Undesirable Results of Temporary Employment Reform

Labour market reforms to encourage the use of temporary work contracts may have led to temporary employment gains, but these may have come at the price of less training for workers, reduced productivity and higher future unemployment. That is one of the findings of research by Dr Fabio Berton and Professor Pietro Garibaldi, published in the August 2012 issue of the Economic Journal.

But their study also suggests that fears that the labour market reforms implemented in many OECD countries will eventually result in a world in which firms only post temporary vacancies will not necessarily be realised.

On the one hand, firms certainly prefer a world with lower firing costs; but on the other hand, firms must consider that they would hire workers that instead prefer more protected positions. This is enough to prevent temporary jobs from crowding out the entire labour market.

This intuition yields a number of implications, which the researchers argue cast serious doubts on the sense of marginal labour market reforms:

  • First, wealth, and not productivity, may determine which workers get the most preferred jobs. Individuals under tighter budget constraints place a higher value on finding a job as soon as possible. These jobs – as the study proves empirically – are typically temporary. Rather than providing workers with more work opportunities and allocating resources more efficiently, reforms may thus result in a sort of segregation.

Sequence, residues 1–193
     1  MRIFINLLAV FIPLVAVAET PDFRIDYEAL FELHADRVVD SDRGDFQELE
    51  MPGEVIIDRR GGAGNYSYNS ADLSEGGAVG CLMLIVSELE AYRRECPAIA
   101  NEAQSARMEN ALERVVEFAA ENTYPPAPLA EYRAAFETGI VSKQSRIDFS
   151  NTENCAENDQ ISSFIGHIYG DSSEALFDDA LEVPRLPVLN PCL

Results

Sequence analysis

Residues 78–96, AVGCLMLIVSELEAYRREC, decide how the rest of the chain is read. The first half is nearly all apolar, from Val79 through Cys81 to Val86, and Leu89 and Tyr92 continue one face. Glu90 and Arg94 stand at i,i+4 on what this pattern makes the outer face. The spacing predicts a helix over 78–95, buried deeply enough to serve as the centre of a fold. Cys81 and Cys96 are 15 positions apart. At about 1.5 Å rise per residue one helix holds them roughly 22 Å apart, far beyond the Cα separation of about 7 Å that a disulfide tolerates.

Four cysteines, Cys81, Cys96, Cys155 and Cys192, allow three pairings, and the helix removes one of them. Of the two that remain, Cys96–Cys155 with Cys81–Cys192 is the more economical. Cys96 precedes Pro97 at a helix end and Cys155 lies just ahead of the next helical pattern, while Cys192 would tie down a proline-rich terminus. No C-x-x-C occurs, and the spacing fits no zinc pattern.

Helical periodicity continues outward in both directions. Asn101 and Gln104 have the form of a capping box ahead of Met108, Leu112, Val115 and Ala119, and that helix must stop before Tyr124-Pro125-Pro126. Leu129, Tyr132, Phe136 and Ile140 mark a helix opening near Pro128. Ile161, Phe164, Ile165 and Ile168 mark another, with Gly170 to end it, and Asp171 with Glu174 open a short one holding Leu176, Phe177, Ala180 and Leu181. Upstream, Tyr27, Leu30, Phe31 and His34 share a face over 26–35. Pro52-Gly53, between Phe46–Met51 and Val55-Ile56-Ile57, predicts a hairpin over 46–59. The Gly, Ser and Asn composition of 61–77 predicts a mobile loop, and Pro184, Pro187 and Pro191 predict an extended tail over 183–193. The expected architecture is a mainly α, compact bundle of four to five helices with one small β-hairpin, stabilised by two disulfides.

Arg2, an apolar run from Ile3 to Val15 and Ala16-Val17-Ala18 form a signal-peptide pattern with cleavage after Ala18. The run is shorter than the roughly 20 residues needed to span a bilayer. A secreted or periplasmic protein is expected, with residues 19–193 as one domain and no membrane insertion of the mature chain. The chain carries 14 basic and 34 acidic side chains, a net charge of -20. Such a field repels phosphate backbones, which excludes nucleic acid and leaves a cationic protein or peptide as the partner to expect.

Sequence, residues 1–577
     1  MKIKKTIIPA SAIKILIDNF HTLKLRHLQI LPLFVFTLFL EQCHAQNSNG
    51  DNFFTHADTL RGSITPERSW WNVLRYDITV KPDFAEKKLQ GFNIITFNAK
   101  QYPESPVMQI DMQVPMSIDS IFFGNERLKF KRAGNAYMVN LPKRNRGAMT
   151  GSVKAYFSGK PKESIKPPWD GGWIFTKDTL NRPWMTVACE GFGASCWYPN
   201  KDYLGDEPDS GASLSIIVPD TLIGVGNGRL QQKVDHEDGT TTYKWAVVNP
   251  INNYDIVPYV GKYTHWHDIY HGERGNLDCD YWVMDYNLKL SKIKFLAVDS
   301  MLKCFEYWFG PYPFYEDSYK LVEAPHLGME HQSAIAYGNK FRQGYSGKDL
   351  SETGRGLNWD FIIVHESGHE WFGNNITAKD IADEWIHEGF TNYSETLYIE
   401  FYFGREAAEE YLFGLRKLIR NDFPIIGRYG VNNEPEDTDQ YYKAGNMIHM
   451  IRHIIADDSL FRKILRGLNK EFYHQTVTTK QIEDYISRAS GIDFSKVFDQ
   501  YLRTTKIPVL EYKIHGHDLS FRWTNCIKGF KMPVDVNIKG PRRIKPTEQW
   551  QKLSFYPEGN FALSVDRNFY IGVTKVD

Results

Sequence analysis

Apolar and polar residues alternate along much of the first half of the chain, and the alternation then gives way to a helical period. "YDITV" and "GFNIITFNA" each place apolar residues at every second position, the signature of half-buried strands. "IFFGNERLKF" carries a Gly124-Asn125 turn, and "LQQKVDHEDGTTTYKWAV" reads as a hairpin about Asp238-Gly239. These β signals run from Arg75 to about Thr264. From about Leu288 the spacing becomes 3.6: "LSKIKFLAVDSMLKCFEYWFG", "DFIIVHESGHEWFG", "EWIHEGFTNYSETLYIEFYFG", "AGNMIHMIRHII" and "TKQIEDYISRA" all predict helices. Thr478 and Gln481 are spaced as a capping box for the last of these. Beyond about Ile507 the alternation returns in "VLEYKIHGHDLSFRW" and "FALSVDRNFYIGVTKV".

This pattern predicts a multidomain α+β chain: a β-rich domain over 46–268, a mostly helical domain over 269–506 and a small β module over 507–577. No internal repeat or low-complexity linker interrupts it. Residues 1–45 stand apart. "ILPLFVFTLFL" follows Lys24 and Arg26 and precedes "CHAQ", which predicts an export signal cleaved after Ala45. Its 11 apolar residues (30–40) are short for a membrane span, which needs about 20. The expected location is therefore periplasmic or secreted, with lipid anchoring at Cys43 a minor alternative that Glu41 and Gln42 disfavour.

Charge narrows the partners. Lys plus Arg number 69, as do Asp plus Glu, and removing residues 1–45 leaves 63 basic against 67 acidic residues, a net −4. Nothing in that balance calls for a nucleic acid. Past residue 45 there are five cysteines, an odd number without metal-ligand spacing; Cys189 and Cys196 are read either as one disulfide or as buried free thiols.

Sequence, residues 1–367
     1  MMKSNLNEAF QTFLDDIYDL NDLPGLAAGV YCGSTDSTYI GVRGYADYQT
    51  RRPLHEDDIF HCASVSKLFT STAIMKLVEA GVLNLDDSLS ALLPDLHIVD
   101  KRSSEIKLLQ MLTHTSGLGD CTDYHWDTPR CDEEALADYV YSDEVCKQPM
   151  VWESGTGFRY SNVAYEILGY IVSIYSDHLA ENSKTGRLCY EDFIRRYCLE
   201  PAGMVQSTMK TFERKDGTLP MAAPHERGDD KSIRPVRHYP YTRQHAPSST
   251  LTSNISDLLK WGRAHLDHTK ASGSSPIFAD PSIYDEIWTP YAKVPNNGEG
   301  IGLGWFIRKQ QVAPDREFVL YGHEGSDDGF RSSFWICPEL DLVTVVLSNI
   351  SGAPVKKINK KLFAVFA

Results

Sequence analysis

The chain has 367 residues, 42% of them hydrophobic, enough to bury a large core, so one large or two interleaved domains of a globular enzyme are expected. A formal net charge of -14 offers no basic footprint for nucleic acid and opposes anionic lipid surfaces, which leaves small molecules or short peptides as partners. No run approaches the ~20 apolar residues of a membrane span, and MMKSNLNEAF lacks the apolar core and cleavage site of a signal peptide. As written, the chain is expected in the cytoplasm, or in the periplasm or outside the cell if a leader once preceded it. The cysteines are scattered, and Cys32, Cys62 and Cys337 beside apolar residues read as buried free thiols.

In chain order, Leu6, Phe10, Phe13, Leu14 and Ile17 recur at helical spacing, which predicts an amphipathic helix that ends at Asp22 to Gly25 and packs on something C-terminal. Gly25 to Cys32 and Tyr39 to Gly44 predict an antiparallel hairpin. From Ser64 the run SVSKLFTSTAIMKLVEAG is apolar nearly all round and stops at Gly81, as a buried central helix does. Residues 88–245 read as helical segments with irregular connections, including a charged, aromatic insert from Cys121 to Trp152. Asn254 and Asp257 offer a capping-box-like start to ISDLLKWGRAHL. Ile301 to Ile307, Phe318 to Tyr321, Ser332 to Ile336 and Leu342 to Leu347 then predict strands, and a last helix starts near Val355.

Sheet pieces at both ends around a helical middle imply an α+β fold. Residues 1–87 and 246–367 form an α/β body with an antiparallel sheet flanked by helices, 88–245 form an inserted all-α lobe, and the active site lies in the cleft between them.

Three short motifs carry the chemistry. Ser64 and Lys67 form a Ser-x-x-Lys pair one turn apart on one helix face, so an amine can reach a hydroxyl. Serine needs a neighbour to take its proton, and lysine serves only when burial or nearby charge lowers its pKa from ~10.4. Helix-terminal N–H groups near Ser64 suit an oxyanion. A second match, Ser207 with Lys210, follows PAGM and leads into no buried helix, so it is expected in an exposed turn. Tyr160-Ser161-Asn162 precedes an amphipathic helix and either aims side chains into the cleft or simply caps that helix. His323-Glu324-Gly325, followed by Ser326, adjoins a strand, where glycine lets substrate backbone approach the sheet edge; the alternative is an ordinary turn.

• Second, the research shows theoretically that temporary workers receive less on-the-job training, which harms their productivity. This result appears to be consistent with a growing stream of research suggesting that labour market reforms – and temporary jobs in particular – are the origin of declining productivity in many countries, for example, Italy and Spain.
  • Third, the employment gains that supporters of the marginal reforms often claim may be largely transitory and the long-run number of unemployed individuals may well exceed that of the former ”rigid” system. The employment outcomes of the economic crisis represent the best support for this last consideration.

Workers and Firms Sorting into Temporary Jobs” by Fabio Berton and Pietro Garibaldi is published in the August 2012 issue of the Economic Journal.

Fabio Berton

University of Eastern Piedmont | fabio.berton@sp.unipmn.it

Pietro Garibaldi

University of Turin